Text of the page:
The bone mineral density (BMD; g/cm2) of the lumbar spine (LS), femoral neck (FN), and total hip (TH) were measured using dual-energy X-ray absorptiometry (Lunar Prodigy, GE Healthcare, Madison, WI, USA) and analyzed with Encore Software version 11.0 (GE Healthcare). The average CVs were 1.22%, 1.97%, and 1.30% for the LS BMD, FN BMD, and TH BMD, respectively. For the LS BMD, the L1–4 value was chosen for analysis, but when a compression fracture or severe sclerotic changes were present, the affected vertebrae were omitted from the analysis (e.g., L2–4 were included in the analysis if there was a compression fracture at L1).
Assessment of the radioactivity of parathyroid adenomas
Dual-phase parathyroid planar scans of the neck area were taken in early (15 minutes) and late (150 minutes) phases after an intravenous injection of 99mTc-MIBI (555 MBq). Images were obtained using a hybrid SPECT/CT scanner with low-energy high-resolution collimators (Discovery NM/CT 670, GE Healthcare, Milwaukee, WI, USA) using the count-setting mode (700 kcounts) in 256×256 matrices. The energy window was 20% open with the photopeak centered at 140 keV. MIBI SPECT/CT was done immediately after a delayed phase of a planar scan with the same scanner. SPECT images were acquired by a step-and-shoot protocol (60 steps with 3° intervals and a 20-second acquisition per step). The images from SPECT were reconstructed on 128×128 matrices using a Butterworth postprocessing filter (cutoff 0.48) and an iterative algorithm (two iterations and 10 subsets, ordered-subset expectation-maximization algorithm). A helical CT scan was performed with attenuation correction and no contrast enhancement (60 to 100 mA, 120 kVp). The images from the CT scan were reconstructed into 3.75-mm slices with 512×512 matrices.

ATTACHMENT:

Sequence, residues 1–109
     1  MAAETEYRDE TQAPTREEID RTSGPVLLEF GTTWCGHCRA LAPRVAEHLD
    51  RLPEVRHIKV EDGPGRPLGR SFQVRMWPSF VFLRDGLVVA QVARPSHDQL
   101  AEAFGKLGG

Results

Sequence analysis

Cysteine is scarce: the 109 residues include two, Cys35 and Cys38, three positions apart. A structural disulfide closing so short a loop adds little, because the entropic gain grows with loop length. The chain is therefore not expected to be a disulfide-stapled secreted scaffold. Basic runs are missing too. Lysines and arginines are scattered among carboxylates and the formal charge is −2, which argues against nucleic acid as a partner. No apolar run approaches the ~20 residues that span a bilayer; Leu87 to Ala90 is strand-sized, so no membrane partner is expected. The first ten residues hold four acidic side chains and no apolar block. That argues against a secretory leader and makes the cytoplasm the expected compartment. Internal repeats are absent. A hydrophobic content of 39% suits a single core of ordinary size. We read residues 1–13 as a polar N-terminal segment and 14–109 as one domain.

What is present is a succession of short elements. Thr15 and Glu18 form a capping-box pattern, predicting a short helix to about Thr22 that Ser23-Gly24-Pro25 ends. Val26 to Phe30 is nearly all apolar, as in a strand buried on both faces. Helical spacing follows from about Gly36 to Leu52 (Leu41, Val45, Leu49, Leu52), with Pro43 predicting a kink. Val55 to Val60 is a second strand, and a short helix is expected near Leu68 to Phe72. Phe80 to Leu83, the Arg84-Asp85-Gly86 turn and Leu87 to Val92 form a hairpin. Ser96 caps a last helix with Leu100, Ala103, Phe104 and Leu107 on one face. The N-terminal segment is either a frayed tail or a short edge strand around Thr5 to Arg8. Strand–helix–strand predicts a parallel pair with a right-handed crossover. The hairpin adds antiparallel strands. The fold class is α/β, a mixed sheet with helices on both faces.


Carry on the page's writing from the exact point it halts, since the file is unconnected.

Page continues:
Images were reviewed and analyzed by consensus between two physicians. From the SPECT/CT images, a region of interest (ROI) was manually drawn for the uptake lesion of the parathyroid adenoma using an image analysis tool (Infinitt viewer, Infinitt, Seoul, Korea). Another ROI of the same size and shape was reproduced in the contralateral thyroid area as a background. If there was no definite uptake in the parathyroid area, ROIs were drawn in the area based on pathology reports and other imaging modalities. From the ROIs, the parathyroid adenoma-to-thyroid (P/T) uptake ratio was calculated as the ratio between the mean counts of the ROIs of the parathyroid adenoma and the contralateral thyroid gland [14]. The P/T uptake ratio is expressed as the radioactivity of the parathyroid adenoma throughout the manuscript.
Statistical analysis
Normally distributed data are presented as the mean±standard deviation, non-normally distributed data are reported as the median (interquartile range [IQR]), and categorical data are reported as number (%). The characteristics of patients in both groups were compared using the Student’s t test or the Mann-Whitney U test for continuous variables and the chi-square test for categorical variables. For the correlation analysis, Pearson correlation analyses were done. Differences were considered statistically significant at P values of <0.05. All analyses were performed using Stata version 13.0 (StataCorp, College Station, TX, USA) and R version 3.4.3 (R Foundation for Statistical Computing, Vienna, Austria), and graphs were generated using GraphPad Prism version 5.0 (GraphPad Software, San Diego, CA, USA).
Baseline characteristics
In 190 patients, the tumor was localized by the MIBI scan (MIBI [+] group), while in 27 patients, the tumor was instead localized by ultrasonography or parathyroid four-dimensional (4D)-CT (MIBI [−] group). The mean age of all patients was 55 years, and the mean BMI was 23.4 kg/m2. Patients in the MIBI (+) group were more likely to have HTN than those in the MIBI (−) group. Patients in both groups were similar in terms of age, sex, and their history of diabetes mellitus, osteoporosis, previous fractures, and genitourinary stones. They also had similar levels of creatinine and eGFR (Table 1).
Clinical characteristics of patients in the MIBI (+) and (−) groups